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The AgraME team recently visited Bader Mubarak, CEO of Fish Farm for an in-depth discussion on the farm’s conception, development and what they have planned next.
Can you please tell us a little bit about yourself, and how you got in to the aquaculture industry?
I come from a fisherman family, a long line of fisherman actually. My father started a fish farm in Fujeirah and I took over from there.
How did the Fish Farm begin?
There was a company call Asmak which is Greek owned I believe, and in 1997 they wanted to start a cage farm here is the UAE. We supported them in how to go about setting this up, and we were in a good position to do so as we also own the Mubarak Marine Company which owns around 48 vessels that supply barges and the like to the local industry.
Mubarak Marine was our main business, and as part of this we also have a shipyard which gives us the means to build our own vessels, so we have everything we needed to ‘play around in the water’ if you will. So, with the fleet and expertise that we had, we helped Asmak set up their operations, mooring systems, cages and even went as far as giving them some of our crew to help manage the operation. We have the passion, and we wanted to support anyone who was aiding what we love to do as much as we could.
In 2008 a ‘red tide’ came and heavily effected the Asmak farm, which forced them to start importing from Turkey and Greece reselling locally under the same brand. For those unaware of what a red tide is, it’s a bloom of harmful algae that suffocates reefs and damages fisheries.
Although this import/re-sale tactic worked well for them, it unfortunately had a knock-on effect of not re-investing back in to growing the local fish farm business.
It was this decision which gave us the drive to start our own farm. I sat with my father and discussed what was needed to make it happen, and we were confident we could do it so we went ahead. After a year of gaining permits and jumping red tape we were finally up and running, and ready to start producing.
As the first (and only) commercial fish farm in the UAE what challenges did you face to get the business to where it is today?
Going in to the aquaculture industry, we took the knowledge and tactics that we had picked up over the years and applied it to what we were trying to achieve. Were there failures? Of course, but success can not come without some sort of failure. Visiting aquaculture conferences, exhibitions such as AgraME and other events across the world also helped us in a big way and opened our eyes to what techniques, technologies and methods are successfully being used in more advanced markets than our own.
As the only fish farm in the UAE, over the years we had more and more industry people coming to the UAE to see our operations. In 2013, we saw the idea of the RAS System from Denmark and I wanted to move our farm from cages to a more technically advanced operation. Dubai has always been a leader at pioneering and implementing world class technology and we wanted to support that by doing the same.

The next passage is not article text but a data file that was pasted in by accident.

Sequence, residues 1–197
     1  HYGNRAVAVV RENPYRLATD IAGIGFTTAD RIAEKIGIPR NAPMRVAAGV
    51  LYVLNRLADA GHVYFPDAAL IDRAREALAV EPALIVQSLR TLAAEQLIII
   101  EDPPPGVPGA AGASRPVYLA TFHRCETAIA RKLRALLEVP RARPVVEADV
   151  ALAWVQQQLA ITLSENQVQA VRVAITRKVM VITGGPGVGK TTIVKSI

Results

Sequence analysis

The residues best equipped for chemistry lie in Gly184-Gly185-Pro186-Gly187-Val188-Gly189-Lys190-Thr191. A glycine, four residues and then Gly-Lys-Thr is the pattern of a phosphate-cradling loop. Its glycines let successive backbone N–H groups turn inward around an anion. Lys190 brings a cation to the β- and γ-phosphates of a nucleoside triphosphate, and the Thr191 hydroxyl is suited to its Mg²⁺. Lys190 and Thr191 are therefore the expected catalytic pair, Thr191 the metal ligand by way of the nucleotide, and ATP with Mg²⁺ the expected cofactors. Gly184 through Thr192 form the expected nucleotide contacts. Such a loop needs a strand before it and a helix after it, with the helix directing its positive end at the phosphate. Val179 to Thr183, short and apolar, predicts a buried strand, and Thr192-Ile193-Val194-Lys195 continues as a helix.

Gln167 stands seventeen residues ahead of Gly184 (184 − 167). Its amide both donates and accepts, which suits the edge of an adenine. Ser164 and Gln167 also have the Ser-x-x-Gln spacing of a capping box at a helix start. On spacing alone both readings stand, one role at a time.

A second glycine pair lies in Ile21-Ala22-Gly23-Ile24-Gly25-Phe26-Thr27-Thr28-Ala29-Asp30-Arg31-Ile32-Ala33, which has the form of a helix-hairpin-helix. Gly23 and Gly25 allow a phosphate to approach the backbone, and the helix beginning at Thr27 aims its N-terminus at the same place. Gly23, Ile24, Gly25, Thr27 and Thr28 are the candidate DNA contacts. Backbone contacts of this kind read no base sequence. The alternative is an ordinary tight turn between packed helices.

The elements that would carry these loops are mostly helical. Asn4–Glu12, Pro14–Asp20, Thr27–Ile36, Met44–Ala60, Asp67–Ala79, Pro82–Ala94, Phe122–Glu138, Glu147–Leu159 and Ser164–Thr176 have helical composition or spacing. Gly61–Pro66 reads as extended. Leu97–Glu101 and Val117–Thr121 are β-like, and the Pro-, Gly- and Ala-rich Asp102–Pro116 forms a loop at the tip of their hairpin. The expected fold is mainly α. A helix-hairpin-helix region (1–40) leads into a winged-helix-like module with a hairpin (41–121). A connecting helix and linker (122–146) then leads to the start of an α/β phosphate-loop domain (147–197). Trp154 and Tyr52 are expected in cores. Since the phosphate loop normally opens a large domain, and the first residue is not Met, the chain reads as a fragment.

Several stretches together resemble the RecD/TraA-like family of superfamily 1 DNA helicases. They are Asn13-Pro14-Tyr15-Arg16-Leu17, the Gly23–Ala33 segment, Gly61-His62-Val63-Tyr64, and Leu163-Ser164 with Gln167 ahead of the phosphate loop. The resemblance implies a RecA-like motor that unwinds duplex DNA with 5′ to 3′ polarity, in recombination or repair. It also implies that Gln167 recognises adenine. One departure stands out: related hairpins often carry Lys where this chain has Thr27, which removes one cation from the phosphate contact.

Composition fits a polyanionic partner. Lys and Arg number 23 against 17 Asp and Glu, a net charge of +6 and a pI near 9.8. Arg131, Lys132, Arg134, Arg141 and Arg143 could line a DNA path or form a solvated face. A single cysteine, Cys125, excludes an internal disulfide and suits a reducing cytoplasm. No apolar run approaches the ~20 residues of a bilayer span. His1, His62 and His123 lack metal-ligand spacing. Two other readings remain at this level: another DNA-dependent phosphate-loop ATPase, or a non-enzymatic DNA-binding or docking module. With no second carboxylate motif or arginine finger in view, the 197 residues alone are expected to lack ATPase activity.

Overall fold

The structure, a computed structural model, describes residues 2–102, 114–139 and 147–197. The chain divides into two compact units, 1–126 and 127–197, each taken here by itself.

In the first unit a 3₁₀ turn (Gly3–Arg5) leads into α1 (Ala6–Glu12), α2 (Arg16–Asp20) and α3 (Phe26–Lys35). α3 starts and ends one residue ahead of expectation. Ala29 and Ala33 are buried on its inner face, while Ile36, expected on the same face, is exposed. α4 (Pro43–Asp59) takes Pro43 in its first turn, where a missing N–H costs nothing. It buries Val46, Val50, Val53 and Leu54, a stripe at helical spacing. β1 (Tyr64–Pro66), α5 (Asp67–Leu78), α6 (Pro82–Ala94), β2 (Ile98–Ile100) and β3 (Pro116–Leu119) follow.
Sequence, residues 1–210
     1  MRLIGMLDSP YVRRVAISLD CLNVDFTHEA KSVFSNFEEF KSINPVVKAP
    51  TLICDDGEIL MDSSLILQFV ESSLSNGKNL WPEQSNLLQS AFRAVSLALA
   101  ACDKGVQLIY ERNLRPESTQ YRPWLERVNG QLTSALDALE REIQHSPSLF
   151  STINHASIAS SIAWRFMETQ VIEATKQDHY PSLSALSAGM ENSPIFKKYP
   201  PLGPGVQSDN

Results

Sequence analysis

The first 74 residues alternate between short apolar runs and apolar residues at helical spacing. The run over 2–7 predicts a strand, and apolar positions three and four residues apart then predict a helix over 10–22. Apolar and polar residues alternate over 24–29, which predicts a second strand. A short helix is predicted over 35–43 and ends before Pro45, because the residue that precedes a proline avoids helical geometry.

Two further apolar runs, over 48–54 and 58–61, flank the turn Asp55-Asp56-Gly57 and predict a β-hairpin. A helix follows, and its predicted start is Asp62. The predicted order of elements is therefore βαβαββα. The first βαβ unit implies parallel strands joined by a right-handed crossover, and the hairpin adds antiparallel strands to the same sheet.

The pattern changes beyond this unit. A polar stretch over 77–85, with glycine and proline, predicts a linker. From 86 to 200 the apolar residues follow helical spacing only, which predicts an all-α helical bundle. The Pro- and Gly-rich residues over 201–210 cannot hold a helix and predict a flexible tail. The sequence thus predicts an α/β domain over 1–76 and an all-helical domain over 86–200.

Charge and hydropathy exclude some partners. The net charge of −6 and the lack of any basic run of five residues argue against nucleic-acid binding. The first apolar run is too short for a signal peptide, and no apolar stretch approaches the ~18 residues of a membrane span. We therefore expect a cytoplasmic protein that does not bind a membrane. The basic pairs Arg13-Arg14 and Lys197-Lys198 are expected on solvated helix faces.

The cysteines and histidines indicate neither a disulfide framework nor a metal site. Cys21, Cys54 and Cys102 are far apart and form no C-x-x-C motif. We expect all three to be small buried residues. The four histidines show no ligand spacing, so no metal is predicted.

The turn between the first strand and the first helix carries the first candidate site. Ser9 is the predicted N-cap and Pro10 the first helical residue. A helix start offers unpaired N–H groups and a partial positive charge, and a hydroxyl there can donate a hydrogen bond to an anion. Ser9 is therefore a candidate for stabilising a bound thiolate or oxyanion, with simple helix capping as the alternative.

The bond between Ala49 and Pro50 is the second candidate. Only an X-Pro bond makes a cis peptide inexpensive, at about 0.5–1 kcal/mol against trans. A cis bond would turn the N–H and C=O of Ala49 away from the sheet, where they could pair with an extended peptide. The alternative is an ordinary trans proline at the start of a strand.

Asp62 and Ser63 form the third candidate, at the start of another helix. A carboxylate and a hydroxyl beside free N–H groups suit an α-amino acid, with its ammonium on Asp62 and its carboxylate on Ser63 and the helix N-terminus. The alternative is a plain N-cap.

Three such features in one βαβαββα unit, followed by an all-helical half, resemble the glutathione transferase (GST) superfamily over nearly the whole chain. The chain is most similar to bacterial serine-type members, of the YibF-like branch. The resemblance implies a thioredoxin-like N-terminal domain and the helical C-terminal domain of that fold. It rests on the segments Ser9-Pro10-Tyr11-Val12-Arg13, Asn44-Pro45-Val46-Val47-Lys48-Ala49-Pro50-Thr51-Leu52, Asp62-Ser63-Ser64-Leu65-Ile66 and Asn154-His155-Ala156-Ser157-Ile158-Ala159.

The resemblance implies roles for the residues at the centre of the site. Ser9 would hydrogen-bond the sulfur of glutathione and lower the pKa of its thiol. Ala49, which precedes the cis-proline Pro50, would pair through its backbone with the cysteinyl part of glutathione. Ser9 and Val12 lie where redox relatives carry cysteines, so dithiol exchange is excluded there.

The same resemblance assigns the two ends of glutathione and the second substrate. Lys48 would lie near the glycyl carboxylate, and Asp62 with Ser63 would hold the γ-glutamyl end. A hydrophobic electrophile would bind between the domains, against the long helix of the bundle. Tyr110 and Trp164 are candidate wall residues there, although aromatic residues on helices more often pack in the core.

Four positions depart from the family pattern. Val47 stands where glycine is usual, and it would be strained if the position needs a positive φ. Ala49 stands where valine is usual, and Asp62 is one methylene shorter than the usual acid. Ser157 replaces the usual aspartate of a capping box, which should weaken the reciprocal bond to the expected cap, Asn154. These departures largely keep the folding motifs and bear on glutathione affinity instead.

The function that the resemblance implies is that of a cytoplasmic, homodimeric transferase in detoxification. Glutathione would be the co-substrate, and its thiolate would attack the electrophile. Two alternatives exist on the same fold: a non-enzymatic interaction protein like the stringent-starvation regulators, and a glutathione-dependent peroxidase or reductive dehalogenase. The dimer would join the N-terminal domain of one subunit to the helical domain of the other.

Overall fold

In 2015, with the help of H.H Sheikh Hamdan bin Mohammed bin Rashid Al Maktoum, Crown Prince of Dubai and Chairman of the Executive Council, we were able to pull all of our businesses under one umbrella, Fish Farm, and really start growing business with the aim of increasing output to the market.
In May 2017, we started our first sales from our Jebal Ali headquarters which has increased exponentially since. We have also been working on several awareness campaigns about the benefits of buying fish locally and supporting the local industry. We supply mostly to the local hotels, restaurants, hypermarkets, the Army and Emirates Airline lounges, and so on. As a new business, we are operating on quite low margins which is normal for any company that is finding its feet. As we build our client base and keep promoting the key benefits of sourcing produce locally, we hope this gap will widen allowing us to re-invest back in to our business and grow.
One of the main things we are looking forward to in the next 3-5 years, is having a strong enough aquaculture business with the capacity to cover our country’s needs of fish consumption and production demand, which would put us at 100 per cent food security towards seafood.
Food security is a big issue here in the GCC. What are your thoughts on how this is evolving and how is Fish Farm supporting this?
We want to be independent as a country when it comes to food security, and be in a position to export to our neighbouring countries if need be. It is scary to think that at the moment we are only covering 20 per cent food security at the most. They call it the 80/20, 80 per cent of our food is imported and only 20 per cent produced locally.
I believe that in just over one year, we could grow to meet the demand required and we have the finance to do that, but the market will not be ready for us to take on such a quantity of produce and to just buy from us.
A portion of the market is happy with their suppliers, so we need to firstly guard ourselves and look at the current laws, for example anti-dumping, which are in place about the importation of fish. Then we need to get a holistic view of where the fish are coming from, how much and where it is going. Once we know all of this we can then start building a strategy to increase the amount of locally grown fish entering the market.
Looking at the wider region (Middle East and Africa), do you believe that aquaculture has a key role to play to ensure food security?
Looking at Europe, 80 per cent of its consumption is from farms and 20 per cent is from the wild. These are the kind of figures that are making the wider industry stand-up and take note that fish farming is the future. Chile, Peru, Iran and some parts in Africa among others are growing at a rapid pace which is very exciting indeed.